The term “cloud” has been applied to all sorts of online or Internet-based application models, and there are a great many approaches to developing cloud-based services and solutions. What this translates to is a volume of options and possibilities for information storage, management, and access in the cloud.Understanding where information is stored, how it may be accessed, and how it might be transmitted to others becomes essential knowledge that business owners should have when they engage with any information technology (IT) solution or service. Yet the plethora of “simple, affordable, and instantly gratifying” services currently available on the web all but ensure that businesses will engage with one or more solutions that provide them with little or no information (much less control) over the placement and management of their data.
Small and growing businesses have always relied upon various service providers and vendors to deliver the solutions required which support the business operation. Often viewed as the critical infrastructure of the business, phone and computer systems are among the first acquisitions a new business makes. Phones and voice service, wired and wireless networks and all forms of communications infrastructure are part of IT and represent a large portion of the business information systems.
Small businesses used to have a phone guy they could call for phone stuff. The phone guy was a person or company who got phone lines installed, ran cabling for phones, installed phone systems and set up voicemail. The phone guy could help get cheaper long distance calling rates and train users on how to use the paging system and transfer calls. The phone guy interacted mostly with the office manager or receptionist – the person in the office most likely to be “in charge” of the phone system, influencing these purchasing decisions greatly.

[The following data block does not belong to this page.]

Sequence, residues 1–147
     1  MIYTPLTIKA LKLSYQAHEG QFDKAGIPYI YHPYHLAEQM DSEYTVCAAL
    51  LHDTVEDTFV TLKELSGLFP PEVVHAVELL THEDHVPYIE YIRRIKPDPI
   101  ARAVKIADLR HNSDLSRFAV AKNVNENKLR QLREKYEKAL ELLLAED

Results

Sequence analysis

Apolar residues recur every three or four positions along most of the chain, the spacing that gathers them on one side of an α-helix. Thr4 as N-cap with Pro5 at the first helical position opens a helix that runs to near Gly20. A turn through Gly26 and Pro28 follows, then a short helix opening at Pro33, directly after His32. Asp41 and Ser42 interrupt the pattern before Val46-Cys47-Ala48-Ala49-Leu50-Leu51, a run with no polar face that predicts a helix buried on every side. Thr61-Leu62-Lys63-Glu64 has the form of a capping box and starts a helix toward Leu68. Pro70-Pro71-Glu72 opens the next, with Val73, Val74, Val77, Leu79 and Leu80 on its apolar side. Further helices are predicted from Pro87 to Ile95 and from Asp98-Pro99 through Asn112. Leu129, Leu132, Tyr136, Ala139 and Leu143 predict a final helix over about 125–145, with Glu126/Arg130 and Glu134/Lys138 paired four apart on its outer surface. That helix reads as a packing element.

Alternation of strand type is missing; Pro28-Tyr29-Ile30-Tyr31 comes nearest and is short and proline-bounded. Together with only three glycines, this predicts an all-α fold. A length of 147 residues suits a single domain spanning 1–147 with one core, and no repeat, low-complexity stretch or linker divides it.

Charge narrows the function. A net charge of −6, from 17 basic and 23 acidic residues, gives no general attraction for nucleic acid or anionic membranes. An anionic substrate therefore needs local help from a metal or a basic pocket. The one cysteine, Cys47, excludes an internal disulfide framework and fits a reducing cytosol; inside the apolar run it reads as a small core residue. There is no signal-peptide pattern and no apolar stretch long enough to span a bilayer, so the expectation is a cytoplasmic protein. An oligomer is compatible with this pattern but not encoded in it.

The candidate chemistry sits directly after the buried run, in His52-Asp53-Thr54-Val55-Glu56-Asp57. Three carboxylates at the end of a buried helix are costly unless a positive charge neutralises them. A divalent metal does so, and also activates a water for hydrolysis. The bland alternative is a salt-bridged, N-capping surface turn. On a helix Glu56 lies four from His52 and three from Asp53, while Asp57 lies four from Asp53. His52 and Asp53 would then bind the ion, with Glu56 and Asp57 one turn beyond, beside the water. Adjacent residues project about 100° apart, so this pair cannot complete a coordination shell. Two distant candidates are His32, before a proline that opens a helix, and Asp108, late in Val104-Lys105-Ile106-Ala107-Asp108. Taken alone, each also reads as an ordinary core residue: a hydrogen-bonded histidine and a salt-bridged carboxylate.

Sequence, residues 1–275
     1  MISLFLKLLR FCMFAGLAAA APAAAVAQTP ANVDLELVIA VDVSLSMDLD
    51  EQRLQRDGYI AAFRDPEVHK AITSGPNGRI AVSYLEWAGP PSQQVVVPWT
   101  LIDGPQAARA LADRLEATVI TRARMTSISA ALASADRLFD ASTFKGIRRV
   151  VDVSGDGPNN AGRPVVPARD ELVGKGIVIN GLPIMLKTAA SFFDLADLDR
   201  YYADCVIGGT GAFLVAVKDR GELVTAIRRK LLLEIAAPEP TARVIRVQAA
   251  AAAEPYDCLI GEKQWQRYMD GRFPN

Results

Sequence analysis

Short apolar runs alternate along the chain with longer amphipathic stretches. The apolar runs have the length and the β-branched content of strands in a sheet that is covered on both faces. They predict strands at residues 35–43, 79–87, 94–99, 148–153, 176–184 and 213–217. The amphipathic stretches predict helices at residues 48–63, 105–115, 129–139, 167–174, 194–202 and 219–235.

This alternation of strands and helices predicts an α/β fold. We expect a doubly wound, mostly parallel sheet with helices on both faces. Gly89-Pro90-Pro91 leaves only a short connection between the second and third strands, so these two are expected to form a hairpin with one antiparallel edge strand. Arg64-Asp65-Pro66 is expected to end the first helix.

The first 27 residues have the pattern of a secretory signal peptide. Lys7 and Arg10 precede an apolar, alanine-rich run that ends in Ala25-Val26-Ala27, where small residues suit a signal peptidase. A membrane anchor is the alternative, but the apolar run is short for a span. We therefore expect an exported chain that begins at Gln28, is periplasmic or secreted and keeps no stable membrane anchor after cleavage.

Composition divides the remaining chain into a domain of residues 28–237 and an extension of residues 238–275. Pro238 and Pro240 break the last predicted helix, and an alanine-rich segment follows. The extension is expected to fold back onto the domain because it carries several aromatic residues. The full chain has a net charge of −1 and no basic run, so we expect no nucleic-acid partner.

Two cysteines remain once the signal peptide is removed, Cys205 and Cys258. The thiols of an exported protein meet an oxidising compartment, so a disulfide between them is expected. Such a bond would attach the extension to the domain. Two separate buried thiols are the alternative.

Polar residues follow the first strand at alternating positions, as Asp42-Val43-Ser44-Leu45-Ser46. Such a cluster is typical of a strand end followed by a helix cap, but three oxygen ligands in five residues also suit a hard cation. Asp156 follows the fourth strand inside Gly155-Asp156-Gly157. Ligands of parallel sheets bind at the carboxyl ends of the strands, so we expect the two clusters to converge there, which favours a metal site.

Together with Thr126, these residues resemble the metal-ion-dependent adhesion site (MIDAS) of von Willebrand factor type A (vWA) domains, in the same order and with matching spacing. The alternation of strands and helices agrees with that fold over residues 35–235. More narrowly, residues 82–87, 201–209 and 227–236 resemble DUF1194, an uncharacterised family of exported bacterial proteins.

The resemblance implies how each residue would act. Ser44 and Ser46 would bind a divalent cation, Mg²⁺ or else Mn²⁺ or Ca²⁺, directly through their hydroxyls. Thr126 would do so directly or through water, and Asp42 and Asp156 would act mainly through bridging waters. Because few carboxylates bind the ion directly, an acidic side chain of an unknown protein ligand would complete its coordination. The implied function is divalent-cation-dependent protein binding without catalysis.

The computer guy, on the other hand, made sure the workstations and server were working, defragged hard drives, installed software and set up printers. The computer guy was the person or company that sold and supported the IT in the business, and often consulted with the business owner or line manager when it came to addressing information system requirements.
Telephony and networking is now clearly in the realm of IT, which changes how services are selected and purchasing is influenced. Computing and communications infrastructure, networking and mobile is all part of business IT. The separation of services – voice versus data – is gone. The phone vendors and the IT suppliers are now the same company, providing the critical infrastructure, the platforms and the application services that businesses are buying. These service providers understand that the foundations for delivering voice and data services are the same; the skills of their techs and the tools they use have converged to the point where there is little separation of duties.